. God says by Ezekiel-" Have I any pleasure at all that the wicked die ; and not that he should return from his ways and live ?” And again, “As I live, saith the Lord God, I have no pleasure in the death of the wicked; but that the wicked turn from his way and live : turn ye, turn ye, from your evil ways; for why will ye die, Ó' house of Israel? Í have no pleasure in the death of him that dieth, saith the Lord God.” By death, here is meant, the endless perdition of the soul in hell. Though it is evident, from what God said by Ezekiel, that

some die this death ; it is equally evident that in their death 'God hath no pleasure. In Christ's lamentation over Jerusalem, he declared his intense desire for the salvation of those persons, who were doomed to remediless destruction, “ O Jerusalem, Jerusalem, that killest the prophets and stonest them who are sent unto thee; how often would I have gathered thy children together, as a hen gathereth her chickens under her wings, and ye would not !” By Peter it is written, “ The Lord is not slack concerning his promise, as some men count slackness, but is long-suficring towards us, not willing that any should perish, but that all should come to repentance.” If God were

. not willing, all things considered, that any person should perish, he would condemn no one to final perdition. But though many persons will finally and eternally be punished ; yet it is certain from what God has said, that he greatly desires, in itself, the salvation of all mankind.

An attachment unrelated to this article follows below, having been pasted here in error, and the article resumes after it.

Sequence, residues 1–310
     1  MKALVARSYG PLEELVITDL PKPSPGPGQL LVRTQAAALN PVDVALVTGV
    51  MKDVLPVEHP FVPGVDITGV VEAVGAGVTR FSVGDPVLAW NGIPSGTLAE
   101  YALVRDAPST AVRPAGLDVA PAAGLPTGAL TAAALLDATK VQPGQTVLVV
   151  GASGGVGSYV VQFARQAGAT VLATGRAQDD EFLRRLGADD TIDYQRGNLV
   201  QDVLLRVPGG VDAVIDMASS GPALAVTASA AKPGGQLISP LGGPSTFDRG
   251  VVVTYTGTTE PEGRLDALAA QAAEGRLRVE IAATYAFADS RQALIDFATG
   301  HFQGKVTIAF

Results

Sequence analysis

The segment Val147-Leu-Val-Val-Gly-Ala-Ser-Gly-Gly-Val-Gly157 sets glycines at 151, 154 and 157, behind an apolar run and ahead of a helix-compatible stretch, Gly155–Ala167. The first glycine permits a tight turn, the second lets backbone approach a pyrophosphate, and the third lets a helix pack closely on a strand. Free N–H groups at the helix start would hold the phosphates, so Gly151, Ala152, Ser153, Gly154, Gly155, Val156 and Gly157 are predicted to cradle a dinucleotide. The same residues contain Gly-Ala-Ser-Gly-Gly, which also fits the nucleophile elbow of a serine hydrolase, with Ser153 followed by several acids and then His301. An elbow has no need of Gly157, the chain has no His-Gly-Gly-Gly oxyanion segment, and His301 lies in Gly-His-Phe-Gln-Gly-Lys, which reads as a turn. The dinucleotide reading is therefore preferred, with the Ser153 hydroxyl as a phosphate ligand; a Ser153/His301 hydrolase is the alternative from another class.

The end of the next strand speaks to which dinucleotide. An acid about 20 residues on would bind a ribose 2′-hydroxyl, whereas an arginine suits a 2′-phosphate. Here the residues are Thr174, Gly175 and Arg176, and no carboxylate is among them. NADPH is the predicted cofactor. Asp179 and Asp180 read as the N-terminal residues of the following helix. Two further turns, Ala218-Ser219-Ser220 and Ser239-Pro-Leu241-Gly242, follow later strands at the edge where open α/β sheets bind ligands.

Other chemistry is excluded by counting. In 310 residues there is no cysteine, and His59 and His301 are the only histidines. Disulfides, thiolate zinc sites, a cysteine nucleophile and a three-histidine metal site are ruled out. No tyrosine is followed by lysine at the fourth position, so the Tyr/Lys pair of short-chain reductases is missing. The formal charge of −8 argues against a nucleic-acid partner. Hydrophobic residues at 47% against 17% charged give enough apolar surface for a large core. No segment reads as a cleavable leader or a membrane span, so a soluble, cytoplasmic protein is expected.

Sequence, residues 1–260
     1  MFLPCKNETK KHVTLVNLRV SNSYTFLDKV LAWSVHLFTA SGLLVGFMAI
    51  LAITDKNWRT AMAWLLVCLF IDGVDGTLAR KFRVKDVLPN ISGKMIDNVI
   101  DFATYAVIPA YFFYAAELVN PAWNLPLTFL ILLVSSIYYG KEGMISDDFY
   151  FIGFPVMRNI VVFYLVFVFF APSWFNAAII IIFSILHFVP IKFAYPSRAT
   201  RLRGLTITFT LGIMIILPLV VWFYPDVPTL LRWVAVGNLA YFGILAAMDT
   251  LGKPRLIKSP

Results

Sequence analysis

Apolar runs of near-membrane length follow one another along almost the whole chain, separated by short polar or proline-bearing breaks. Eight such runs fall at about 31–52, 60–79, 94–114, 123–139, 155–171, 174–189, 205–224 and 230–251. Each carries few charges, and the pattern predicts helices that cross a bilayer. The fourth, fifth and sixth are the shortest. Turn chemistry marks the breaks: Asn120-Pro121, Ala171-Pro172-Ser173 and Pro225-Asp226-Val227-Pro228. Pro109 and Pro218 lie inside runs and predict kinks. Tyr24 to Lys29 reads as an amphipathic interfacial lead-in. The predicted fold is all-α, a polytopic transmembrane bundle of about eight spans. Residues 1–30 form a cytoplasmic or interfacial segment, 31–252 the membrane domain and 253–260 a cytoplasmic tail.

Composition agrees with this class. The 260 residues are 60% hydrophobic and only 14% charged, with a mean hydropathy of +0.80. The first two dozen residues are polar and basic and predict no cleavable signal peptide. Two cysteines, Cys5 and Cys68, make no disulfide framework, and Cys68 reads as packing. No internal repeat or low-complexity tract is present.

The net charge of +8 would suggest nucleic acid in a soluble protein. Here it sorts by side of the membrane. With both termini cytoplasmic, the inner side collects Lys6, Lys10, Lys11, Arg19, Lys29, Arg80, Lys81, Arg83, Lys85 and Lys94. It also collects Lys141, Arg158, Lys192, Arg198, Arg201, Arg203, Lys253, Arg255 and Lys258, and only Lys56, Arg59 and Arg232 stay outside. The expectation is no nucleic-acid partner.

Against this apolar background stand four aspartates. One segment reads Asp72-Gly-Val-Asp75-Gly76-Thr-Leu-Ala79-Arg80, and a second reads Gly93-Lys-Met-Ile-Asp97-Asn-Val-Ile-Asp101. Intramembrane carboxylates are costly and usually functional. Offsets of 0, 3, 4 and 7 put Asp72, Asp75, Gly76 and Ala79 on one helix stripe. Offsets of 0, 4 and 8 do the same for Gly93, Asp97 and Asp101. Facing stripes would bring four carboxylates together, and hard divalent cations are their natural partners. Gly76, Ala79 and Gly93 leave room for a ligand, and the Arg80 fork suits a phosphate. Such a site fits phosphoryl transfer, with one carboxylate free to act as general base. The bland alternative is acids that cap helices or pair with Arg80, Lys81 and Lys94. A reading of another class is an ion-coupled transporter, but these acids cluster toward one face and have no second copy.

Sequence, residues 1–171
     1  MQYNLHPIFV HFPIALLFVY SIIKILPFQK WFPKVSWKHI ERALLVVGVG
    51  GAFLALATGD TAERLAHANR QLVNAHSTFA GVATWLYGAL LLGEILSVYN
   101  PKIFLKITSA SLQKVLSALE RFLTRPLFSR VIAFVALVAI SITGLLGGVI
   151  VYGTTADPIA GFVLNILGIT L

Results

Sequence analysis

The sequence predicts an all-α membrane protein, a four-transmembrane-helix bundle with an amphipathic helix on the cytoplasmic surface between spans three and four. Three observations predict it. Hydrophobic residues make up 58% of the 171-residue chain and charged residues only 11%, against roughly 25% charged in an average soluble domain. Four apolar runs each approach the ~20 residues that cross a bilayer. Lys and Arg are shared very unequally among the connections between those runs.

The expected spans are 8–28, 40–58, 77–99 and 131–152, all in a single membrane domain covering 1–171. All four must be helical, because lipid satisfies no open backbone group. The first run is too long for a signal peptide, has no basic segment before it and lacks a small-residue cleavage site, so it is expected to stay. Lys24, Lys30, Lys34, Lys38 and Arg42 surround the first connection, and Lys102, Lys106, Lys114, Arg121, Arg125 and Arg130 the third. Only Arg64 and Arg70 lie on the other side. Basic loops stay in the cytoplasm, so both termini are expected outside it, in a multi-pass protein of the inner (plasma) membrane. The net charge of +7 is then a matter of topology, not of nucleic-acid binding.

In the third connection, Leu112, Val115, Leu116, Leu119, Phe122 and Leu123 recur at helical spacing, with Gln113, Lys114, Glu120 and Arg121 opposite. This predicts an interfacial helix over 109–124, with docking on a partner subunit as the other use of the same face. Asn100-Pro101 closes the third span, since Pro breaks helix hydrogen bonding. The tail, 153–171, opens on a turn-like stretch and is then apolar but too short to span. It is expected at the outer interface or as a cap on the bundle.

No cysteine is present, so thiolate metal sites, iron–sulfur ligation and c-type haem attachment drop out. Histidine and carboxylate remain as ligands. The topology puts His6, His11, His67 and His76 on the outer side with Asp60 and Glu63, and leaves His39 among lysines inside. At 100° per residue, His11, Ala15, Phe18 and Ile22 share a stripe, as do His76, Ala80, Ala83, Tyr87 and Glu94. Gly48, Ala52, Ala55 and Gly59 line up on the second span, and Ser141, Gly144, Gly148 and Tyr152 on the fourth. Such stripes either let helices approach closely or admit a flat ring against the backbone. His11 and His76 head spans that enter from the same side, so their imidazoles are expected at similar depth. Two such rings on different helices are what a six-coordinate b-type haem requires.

3. That God desires the salvation of every man, in itself considered, is evident from the divine conduct towards sinncrs.

By the atonement through the death of the Lord Jesus Christ, God has made provision sufficient for the salvation of all mankind. He has commanded the word of this salvation to be preached unto every creature. Wherever the gospel is preached, salvation is offered unto every person without exception or distinction. This salvation is offered on the best conditions. With great patience and forbearance, God waits upon sinners that they may accept this gracious offer. He uses the best means to induce sinners to repent. He most cheerfully forgives every person, who repents of his sins and believes on the Lord Jesus Christ. And he threatens to punish every one, who refuses to accept the salvation of the gospel, with peculiar and tremendous severity.

From the conduct of God towards sinners, as well as from what he has said, and from the divine character, it appears, that God desires the salvation of every one of mankind. ·

REFLECTIONS.

1. From what lias been said in the present discourse, we may be assured that God never created any one of the human race merely for destruction. If God created any person inere. ly for destruction, the destruction of that person must have been the chief end, which God designed to accomplish by bringing him into existence. The chief end which God designs to accomplish, by any of his works, must, in. itself, be pleasing to him. If then God created any human soul merely for damnation, the eternal sin and misery of that soul_must, in themselves, be pleasing to God. But it has been proved, in the present discourse, that God greatly desires, in itself, the salvation of every human being. It is certain then that he never created any person merely for destruction. If God were to bring creatures into existence solely for the purpose of causing them to be